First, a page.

However, we choose to dignify this Knight-King, he is the "Extended Flame of mind" as *Zoroaster, who perfectly represents the Knight of Swords Personality, called this mental force. Here the True Will to Force, as Chokmah is exploding the Mind. The Taurian influence, makes it steadfast and the first Decanate of Gemini makes it inspirational, thus an Idea tends to absorb the entire life of the individual in the blinding light of concentrated aspiration. Therefore, the Knight of Swords implies the danger to this state of mind, for the first Decan is also known as "shortened force" and that shortened force is symbolized by the poniard; shortened force often comes off as defensive and stubborn behavior.

*Zoroaster

From Wikipedia, the free encyclopedia (https://en.wikipedia.org/wiki/Zoroaster)

For other uses, see Zoroaster

"Zarathustra" redirects here. For other uses, see Zarathustra

Zoroaster
𐬰𐬀𐬭𐬀𐬚𐬎𐬱𐬙𐬭𐬀
Zaraθuštra

19th-century Indian-Zoroastrian perception of Zoroaster derived from a figure that appears in a 4th-century sculpture at Taq-e Bostan in south-western Iran. The original is now believed to be either a representation of Mithra or Hvare-khshaeta.[1]

Venerated inZoroastrianism
Manichaeism
Baháʼí Faith
Mithraism
Ahmadiyya
Part of a series on
Zoroastrianism

Atar (fire), a primary symbol of Zoroastrianism

Zoroaster (/ˈzɒroʊæstər/, UK also /ˌzɒroʊˈæstər/; Greek: Ζωροάστρης Zōroastrēs), also known as Zarathustra (/ˌzærəˈθuːstrə/, UK also /ˌzɑːrə-/; Avestan: 𐬰𐬀𐬭𐬀𐬚𐬎𐬱𐬙𐬭𐬀‎ Zaraθuštra), Zarathushtra Spitama or Ashu Zarathushtra (Persian: زرتشت‎), was an ancient Iranian prophet (spiritual leader) who founded what is now known as Zoroastrianism. His teachings challenged the existing traditions of the Indo-Iranian religion and inaugurated a movement that eventually became the dominant religion in Ancient Persia. He was a native speaker of Old Avestan and lived in the eastern part of the Iranian Plateau, but his exact birthplace is uncertain.[2][3]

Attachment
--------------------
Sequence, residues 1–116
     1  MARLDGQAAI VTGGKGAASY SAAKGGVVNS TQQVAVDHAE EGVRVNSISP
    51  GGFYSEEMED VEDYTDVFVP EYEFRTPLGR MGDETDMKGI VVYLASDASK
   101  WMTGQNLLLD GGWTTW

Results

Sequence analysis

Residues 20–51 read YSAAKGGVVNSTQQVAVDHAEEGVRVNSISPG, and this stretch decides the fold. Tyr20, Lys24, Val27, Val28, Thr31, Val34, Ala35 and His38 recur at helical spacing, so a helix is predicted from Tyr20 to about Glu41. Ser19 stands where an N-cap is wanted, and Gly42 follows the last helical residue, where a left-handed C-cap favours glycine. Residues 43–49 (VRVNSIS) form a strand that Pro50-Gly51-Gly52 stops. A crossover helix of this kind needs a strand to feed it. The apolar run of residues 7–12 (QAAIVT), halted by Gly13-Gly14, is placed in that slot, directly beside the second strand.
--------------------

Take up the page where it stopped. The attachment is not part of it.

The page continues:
There is no scholarly consensus on when he lived.[4] Some scholars, using linguistic and socio-cultural evidence, suggest a dating to somewhere in the second millennium BC. Most scholars date him in the 7th and 6th century BC as a near-contemporary of Cyrus the Great and Darius I, while some have speculated on datings as far back as the sixth millennium BC.[5][6][7][8][9][10] Zoroastrianism eventually became the official religion of Ancient Persia and its distant subdivisions from the 6th century BC to the 7th century AD.[11] Zoroaster is credited with authorship of the Gathas as well as the Yasna Haptanghaiti, hymns composed in his native dialect, Old Avestan, and which comprise the core of Zoroastrian thinking. Most of his life is known from these texts.[2] By any modern standard of historiography, no evidence can place him into a fixed period, and the historicization surrounding him may be a part of a trend from before the 10th century that historicizes legends and myths.[12]